Often dwarfed by it’s more famous Indian neighbor, many people have no idea what Sri Lankan food is.
When I ask my friends if they’ve ever tried it I get a lot of shrugs or the occasional “I’ve had Indian food: it’s like that, right?” Honestly, I think that besides sharing a lot of spices that are similar: Sri Lankan food is quite different to Indian food and I’m excited to help you find some dishes to sample when you head over to this Island nation (this food is the bomb!!).
In basic terms I would describe Sri Lankan food as if an Indian curry and Thai curry had a baby. Soft textures, coconut milk, tons of spices (but overall not too spicy) and very fragrant: this cuisine is varied and surprising. Sri Lankan food is heavily influenced by it’s tropical island fruit and proximity to the ocean.
Tip#1: It’s traditional to serve a meal with a lot of smaller dishes that you heap on your plate and mix together, therefore you’ll likely see a lot of the dishes I will mention served together.
Tip #2: Eating with your hands is totally normal, but don’t fear: they will often give a spoon and fork with meals.
This is a garnish served at every dinner table. It’s light and flaky and packs a strong tangy kick. They’ll serve green or red sambol. It’s main ingredient is shredded coconut mixed with lime juice and spices, a perfect accompaniment to a curry. If you want to see someone making it (and speaking Sinhalese as they do!) check out this youtube link.
Also served with meals, this mild-flavored, soup-like dish is salty and flavorful. It’s often served in a bowl on the side and goes well with rice and roti.
The Sri Lankan flat bread that is prolific in this country. It’s a great, simple bread made to help sop up your gravy-filled meal. It can be made with coconut imparting a light, sweet flavor as well.
Stuffed Roti can be found in many different places (especially bus stops!) it is dirt cheap and is stuffed with potato or meat and veg. It’s spicy and super fresh and a great snack to have on the road.
Hoppers & String Hoppers
Hoppers are very popular. They are very thin pancakes served with an egg at the bottom. They have a very light, sour flavor and are used to eat curries and sauces.
String hoppers are noodles made of gelatinous dough that are served as an alternative to rice. They don’t have much flavor on their own, but when served with a curry they’ll suck up the sauce beautifully.
A delicious street food! This is a meal that comes in all sorts of styles. Get it with eggs, cheese, meat, veg… whatever you want! It’s the Sri Lankan equivalent of fried rice except this is made with noodles that are roughly chopped over a hot plate. If you go to a restaurant that serves it, you’ll hear the cooks furiously chopping the ingredients up in the kitchen! It’s delicious.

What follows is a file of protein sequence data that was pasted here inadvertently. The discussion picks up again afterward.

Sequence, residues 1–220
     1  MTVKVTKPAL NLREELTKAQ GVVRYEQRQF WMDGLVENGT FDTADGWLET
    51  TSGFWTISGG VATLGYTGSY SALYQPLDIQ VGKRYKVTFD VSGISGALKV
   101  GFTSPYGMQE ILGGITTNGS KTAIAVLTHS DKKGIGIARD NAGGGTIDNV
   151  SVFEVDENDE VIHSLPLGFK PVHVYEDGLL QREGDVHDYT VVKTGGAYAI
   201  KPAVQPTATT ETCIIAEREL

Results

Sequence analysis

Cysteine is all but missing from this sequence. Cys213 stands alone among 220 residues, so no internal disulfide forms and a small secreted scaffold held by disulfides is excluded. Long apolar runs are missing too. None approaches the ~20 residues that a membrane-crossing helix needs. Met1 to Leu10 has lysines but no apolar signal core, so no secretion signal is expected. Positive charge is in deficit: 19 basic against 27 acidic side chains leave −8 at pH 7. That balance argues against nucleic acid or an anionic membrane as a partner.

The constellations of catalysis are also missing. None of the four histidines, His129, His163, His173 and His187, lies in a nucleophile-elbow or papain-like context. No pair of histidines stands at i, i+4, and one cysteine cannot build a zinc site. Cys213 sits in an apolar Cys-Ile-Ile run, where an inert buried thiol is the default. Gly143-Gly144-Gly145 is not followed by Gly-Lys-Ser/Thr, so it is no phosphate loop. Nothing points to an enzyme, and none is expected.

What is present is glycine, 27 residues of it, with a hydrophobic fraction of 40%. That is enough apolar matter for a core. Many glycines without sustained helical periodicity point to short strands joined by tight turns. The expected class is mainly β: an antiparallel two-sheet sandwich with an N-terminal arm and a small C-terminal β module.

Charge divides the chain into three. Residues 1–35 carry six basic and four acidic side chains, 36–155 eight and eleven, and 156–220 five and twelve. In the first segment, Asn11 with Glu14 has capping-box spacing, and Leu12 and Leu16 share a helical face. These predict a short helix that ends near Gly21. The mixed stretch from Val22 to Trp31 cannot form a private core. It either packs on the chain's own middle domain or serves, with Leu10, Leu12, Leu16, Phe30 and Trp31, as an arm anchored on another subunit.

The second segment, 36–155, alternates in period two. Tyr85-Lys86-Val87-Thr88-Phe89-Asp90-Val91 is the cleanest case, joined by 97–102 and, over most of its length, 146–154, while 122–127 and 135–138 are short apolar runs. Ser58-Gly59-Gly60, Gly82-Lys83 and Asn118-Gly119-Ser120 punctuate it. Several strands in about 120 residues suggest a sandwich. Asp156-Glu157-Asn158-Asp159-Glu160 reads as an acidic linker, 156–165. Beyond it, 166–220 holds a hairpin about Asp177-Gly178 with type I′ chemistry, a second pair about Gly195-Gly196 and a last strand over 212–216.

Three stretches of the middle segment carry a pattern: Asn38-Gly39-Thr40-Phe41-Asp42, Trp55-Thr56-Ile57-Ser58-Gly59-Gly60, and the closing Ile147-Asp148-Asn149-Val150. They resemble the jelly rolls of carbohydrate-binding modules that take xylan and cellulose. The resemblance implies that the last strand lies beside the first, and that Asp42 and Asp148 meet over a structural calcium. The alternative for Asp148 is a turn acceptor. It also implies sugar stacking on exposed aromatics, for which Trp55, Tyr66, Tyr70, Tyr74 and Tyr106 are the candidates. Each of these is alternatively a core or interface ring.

Deviled Sweet and Sour Fish
This dish is served on the coast. It has a ton of flavor and, like the name, offers your taste buds a sweet and sour experience laced with spicy flakes of chili. It’s usually made of chopped fish, onions and sauce. Just be careful about the bones in the fresh-as-hell fish you’re about to eat.
Sri Lankan Meat Curry
Goat, chicken, and fish are the most common meats you can order in Sri Lanka. These curries are not as thick as the Indian curries which tend to be more of a gravy, instead the Sri Lankan curries are made with coconut milk so the sauce is thinner and runnier. We were also told that the curries tend to have a larger variety of spices in them, making their flavors incredibly varied and full of depth. I couldn’t get enough of these.
Sri Lankan Fruit Curry
Being a largely Buddhist country, there are many vegetarians and vegan friendly dishes. We were shocked to try such unusual ingredients in a curry (but found them to be delightful and a wonderful alternative to meat!). We had:
- Jack fruit curry
- Ambarella curry
- Cashew curry
Jack fruit!? Yeah. Soft and pillowy and, just, well, fantastic. I found this website describing jack fruit in just about as enthusiastic a way as I’ve ever seen. You should check it out here.
Ambarella is a tropical fruit native to Sri Lanka. It’s a small green fruit that looks a lot like mango and has a fibrous pit. It tastes a little like a mango, but more savory and sour. In a curry it was divine. This youtube video is a little long-winded, but as you skip through it you’ll get a good sense for what this unusual fruit is like.
Cashew curry was a fantastic burst of flavor. They soak the cashews overnight so they are really soft and buttery. It’s a subtle flavor that pairs well with coconut milk over some string hoppers.
Sri Lankan Curd with Kithul Treacle
In the mood for dessert? This is the Sri Lankan equivalent of yogurt with honey. Buffalo curd is popular in Sri Lanka and has a sour, tangy flavor. It’s texture is similar to yogurt, but with a much stronger flavor. Treacle is a very sweet, sticky syrup, which I found it cloyingly sweet on its own. The Sri Lankans drizzle it over the top of the buffalo curd making a very light, yummy dessert. That sweet stickiness contrasts perfectly with the silk texture of the sour curd.
Being Sri Lanka, you can’t go and not get yourself a cup of black tea. They grow tea here. In the hill country near Ella you can tour the tea plantations and then sample a warm cup of black tea with milk. It is flavorful and delicious and perfect on a cool morning in the mountains.
We drank so many juices here. Watermelon, mango, lime, pineapple… whatever you can think of, really. They make juices everywhere here and they are damn good in the heat. Want something different? Try Faluda:
If you’d like more information about where we ate, this post includes some more.
Any dishes you’d like to add? Post your suggestions in the comment section below!
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